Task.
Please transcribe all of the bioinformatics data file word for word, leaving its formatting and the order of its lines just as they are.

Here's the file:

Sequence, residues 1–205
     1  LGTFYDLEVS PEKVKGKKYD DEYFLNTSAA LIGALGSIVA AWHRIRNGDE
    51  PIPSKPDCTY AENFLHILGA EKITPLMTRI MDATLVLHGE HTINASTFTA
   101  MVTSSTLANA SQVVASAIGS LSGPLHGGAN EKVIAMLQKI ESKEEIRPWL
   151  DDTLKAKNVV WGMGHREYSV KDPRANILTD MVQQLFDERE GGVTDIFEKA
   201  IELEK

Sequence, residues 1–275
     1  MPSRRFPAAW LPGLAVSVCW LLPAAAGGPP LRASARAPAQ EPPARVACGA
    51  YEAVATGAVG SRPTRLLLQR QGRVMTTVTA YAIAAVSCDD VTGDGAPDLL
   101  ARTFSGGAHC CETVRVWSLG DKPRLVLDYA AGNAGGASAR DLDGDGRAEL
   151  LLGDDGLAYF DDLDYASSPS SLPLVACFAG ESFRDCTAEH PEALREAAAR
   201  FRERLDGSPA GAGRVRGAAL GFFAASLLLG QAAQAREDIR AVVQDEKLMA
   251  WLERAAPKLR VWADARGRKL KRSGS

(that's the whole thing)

Sequence, residues 1–205
     1  LGTFYDLEVS PEKVKGKKYD DEYFLNTSAA LIGALGSIVA AWHRIRNGDE
    51  PIPSKPDCTY AENFLHILGA EKITPLMTRI MDATLVLHGE HTINASTFTA
   101  MVTSSTLANA SQVVASAIGS LSGPLHGGAN EKVIAMLQKI ESKEEIRPWL
   151  DDTLKAKNVV WGMGHREYSV KDPRANILTD MVQQLFDERE GGVTDIFEKA
   201  IELEK

Sequence, residues 1–275
     1  MPSRRFPAAW LPGLAVSVCW LLPAAAGGPP LRASARAPAQ EPPARVACGA
    51  YEAVATGAVG SRPTRLLLQR QGRVMTTVTA YAIAAVSCDD VTGDGAPDLL
   101  ARTFSGGAHC CETVRVWSLG DKPRLVLDYA AGNAGGASAR DLDGDGRAEL
   151  LLGDDGLAYF DDLDYASSPS SLPLVACFAG ESFRDCTAEH PEALREAAAR
   201  FRERLDGSPA GAGRVRGAAL GFFAASLLLG QAAQAREDIR AVVQDEKLMA
   251  WLERAAPKLR VWADARGRKL KRSGS